Warp, Weft, and Way

Chinese and Comparative Philosophy 中國哲學與比較哲學

Van Norden on the Confucian Roots of Xi Jinping’s Thought

A couple weeks ago, Bryan Van Norden published “The Confucian roots of Xi Jinping’s policies” in The Straits Times (Singapore); a Chinese translation was also subsequently published. The essay begins:

Commentators have been quick to observe that the recent Chinese Communist Party Congress guaranteed President Xi Jinping’s firm grip on power for years to come. However, few have noted the Confucian roots of Mr Xi’s world view.

Mr Xi himself has been very candid about his admiration for traditional Chinese thought and his view that Chinese socialism is consistent with it. As I point out in my recent book, Taking Back Philosophy: A Multicultural Manifesto, Mr Xi’s appropriations of traditional Chinese thought are sometimes opportunistic. But the same can be said of the way many US politicians appeal to the Bible. In addition, there are at least four points on which Mr Xi is genuinely Confucian in spirit.

December 5th, 2017 Posted by | China, Chinese philosophy - 中國哲學 - 中国哲学, Confucianism, Politics | 2 comments

2 Responses to Van Norden on the Confucian Roots of Xi Jinping’s Thought

  1. Bill Haines says:

    I do not know if the president has taken steps to move his own family away from their accumulation of vast wealth. I haven’t been paying close attention.

    But I disagree with the essay on the following points.

    • I think a crackdown on corruption is not an instance of rule by virtue rather than penalty.

    • I think not engaging in corruption (the criminal abuse of one’s power to steal vast amounts of money, land, etc., including from the weak and poor, by processes that undermine the basic integrity of those under one’s influence) does not constitute virtue or even a virtue.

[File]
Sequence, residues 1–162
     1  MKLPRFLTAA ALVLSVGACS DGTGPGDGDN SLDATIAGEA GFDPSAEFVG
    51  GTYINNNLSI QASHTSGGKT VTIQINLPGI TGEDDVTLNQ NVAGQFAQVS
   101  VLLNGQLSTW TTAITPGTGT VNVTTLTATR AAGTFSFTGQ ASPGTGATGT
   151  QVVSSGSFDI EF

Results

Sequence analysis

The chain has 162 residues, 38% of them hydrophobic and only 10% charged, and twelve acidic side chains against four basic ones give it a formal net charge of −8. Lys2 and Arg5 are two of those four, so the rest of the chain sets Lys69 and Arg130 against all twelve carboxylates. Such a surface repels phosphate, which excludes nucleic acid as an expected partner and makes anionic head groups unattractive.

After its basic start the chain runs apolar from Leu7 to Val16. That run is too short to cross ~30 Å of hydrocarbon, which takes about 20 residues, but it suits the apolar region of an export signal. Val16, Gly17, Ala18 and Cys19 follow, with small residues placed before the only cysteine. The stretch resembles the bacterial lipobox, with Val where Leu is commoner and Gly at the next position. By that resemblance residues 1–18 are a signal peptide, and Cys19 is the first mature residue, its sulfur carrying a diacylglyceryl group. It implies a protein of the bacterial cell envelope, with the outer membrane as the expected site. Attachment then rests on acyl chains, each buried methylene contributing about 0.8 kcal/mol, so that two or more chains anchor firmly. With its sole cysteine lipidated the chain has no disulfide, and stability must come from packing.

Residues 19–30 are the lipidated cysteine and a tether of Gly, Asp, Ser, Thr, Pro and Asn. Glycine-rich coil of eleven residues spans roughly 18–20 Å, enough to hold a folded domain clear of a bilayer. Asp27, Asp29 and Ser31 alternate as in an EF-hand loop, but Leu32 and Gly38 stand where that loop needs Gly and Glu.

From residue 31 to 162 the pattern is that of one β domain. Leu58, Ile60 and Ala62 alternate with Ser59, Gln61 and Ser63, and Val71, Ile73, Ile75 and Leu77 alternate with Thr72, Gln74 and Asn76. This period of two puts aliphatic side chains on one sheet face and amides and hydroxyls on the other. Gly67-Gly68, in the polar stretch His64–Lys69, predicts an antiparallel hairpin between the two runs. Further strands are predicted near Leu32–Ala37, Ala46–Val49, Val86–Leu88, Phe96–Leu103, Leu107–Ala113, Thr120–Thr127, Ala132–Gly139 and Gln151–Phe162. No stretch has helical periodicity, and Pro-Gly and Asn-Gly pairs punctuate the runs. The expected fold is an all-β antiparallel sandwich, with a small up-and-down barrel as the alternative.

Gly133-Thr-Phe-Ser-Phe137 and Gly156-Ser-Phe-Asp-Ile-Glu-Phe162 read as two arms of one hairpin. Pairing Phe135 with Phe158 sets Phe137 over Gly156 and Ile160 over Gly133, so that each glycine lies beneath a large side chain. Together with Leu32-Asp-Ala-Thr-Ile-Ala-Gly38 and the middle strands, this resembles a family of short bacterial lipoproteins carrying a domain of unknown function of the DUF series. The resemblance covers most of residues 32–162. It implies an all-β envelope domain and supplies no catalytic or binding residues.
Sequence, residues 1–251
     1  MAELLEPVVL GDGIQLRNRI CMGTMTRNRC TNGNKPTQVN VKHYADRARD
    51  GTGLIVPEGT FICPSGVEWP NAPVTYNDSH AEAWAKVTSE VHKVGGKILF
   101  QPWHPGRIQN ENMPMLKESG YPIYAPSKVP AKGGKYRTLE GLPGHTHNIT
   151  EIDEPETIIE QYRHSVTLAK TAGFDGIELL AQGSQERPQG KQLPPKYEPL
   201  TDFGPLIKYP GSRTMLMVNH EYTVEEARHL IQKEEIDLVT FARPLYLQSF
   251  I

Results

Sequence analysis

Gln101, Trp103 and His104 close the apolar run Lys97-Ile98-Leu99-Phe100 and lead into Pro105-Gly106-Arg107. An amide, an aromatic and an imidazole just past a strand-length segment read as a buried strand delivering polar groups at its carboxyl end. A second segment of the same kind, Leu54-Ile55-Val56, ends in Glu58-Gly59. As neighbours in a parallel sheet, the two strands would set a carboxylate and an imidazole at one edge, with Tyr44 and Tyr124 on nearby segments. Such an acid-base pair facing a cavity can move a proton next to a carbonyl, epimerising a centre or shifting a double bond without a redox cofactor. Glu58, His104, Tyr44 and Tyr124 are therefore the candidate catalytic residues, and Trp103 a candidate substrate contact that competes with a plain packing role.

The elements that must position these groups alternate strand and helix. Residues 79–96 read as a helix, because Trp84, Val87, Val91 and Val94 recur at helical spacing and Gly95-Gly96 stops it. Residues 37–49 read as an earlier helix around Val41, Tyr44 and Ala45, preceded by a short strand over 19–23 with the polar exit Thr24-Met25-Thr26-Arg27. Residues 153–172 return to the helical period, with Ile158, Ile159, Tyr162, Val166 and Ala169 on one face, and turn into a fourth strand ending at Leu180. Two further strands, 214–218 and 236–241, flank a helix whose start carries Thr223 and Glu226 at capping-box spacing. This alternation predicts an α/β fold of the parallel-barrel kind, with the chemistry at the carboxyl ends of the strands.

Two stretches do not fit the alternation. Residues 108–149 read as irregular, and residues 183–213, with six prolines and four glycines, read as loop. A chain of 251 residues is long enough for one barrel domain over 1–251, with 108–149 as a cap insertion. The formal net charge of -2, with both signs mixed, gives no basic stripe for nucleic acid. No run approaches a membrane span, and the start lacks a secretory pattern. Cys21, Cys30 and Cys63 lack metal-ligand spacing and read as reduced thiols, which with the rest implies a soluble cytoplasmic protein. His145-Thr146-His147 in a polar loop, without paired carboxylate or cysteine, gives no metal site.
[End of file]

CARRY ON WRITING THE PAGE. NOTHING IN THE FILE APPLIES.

• I think being against corruption is no more “genuinely Confucian in spirit” than is the view that 2+2=4, or the vision of a moderately prosperous society with a strong middle class.

    • I do not think that “the United States take[s] it for granted that direct democracy is the best form of government.” Our intellectuals do not assume this and our institutions do not exemplify it. As for more moderate democracy, and civil liberties, when I was a college teacher in many parts of the US, some years ago, I found that the majority of my students had lost sight of those values. I think Trump is a symptom.

    • Civilization is organized society’s institutionalized respect for the vulnerable, and its least unstable form is liberal representative democracy. (That is not to say that there are not more stable forms of government.) Granted, institutions that are (here and there) excessively democratic make us vulnerable to demagogues and thus to tyrants and plutocrats, but what significant Western political philosopher has disagreed with that?

    • I think the danger today is unprincipled plutocracy rather than the (pro-regulation) ideas of Adam Smith; the danger to civilization today is departure from the basic ideas of the rule of law and the regulations that can preserve it.

    On that last point I’m very pessimistic.

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